Last night I spoke with Dave Ward in depth about his experience. He spoke overall positively about the conference. He said that the keynote wasn’t as exciting as he would have expected but he was overall really pleased with the conference. He attended a breakout session titled “50 ways to speed up your HTML.” He said that they actually covered 57 tips in the session time which is amazing. Dave said that the session was awesome and that he learned at least 2 or 3 things. I laughed and told him “You do realize that leaves you with about a 5% retention rate, right?” Of course he said that he knew a lot of the other things that were discussed but that he was overall very impressed with the quality of the session.

VanThis morning I had the opportunity to speak with Van Van Lowe about his experience with the conference. He said that he too was very happy with the conference and that Mix is his favorite. When I asked what he liked most about Mix that he didn’t see at PDC, he indicated that he enjoyed the web focus because he is a web developer. Strangely enough, I met Van at PDC 2010 while talking with Scott Hanselman. Needless to say this guy gets around to our conferences! Van attended the Orchard breakout session because he said that he has big plans to use Orchard. Van said that he got enough out of the session to get him started and that was basically the point.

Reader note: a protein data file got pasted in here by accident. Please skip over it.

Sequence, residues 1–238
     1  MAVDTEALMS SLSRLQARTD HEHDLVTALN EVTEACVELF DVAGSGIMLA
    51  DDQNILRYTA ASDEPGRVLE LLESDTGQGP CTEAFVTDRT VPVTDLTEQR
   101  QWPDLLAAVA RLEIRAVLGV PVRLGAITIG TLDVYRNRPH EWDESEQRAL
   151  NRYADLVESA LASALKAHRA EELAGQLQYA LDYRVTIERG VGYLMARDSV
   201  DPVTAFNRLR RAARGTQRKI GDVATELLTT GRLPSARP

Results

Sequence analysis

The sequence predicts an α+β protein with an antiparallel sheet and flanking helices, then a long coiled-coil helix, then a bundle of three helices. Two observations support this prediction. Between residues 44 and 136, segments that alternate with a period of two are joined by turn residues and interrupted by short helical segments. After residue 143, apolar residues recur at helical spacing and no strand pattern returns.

I attended the Orchard Session yesterday as well. I was surprised how far this project has come since I blogged about it so long ago. I am good friends with a former developer, Erik Porter, and a current developer, Nathan Heskew, on the Orchard project. Talking with others who attended afterward, they seemed extremely pleased with the progress and many said “this is ready for prime time and it’s so much better than anything out there right now.” and “They’ve thought everything through.”

I’m looking forward to the Mix day 2 keynote just about to start now! See you there!

#Mix11 keynote rolling along.

Sitting in the darkness of the Mix11 keynote with only my Windows Phone 7 i can see the excitement around the IE presentation. We’ve seen some great IE9 demos and seen some hilarious videos. What will come next? The audience is watching intently as we just announced we are 3 weeks into the development of IE10. More to come.